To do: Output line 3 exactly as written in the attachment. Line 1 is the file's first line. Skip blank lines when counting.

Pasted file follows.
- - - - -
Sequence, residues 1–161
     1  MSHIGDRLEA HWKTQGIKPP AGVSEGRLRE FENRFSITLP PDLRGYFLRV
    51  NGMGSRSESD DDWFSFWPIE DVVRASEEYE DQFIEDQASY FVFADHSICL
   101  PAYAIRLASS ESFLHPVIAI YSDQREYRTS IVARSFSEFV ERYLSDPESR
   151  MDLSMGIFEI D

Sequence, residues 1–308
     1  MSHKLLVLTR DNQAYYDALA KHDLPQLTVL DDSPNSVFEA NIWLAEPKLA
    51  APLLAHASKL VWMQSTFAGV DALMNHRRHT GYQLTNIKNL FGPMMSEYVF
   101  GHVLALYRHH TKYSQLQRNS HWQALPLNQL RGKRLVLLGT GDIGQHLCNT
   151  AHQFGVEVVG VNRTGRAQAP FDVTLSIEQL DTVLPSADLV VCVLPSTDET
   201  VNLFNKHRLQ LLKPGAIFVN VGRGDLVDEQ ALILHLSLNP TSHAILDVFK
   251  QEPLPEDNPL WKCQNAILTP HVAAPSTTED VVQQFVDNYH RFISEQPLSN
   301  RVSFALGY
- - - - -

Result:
    51  NGMGSRSESD DDWFSFWPIE DVVRASEEYE DQFIEDQASY FVFADHSICL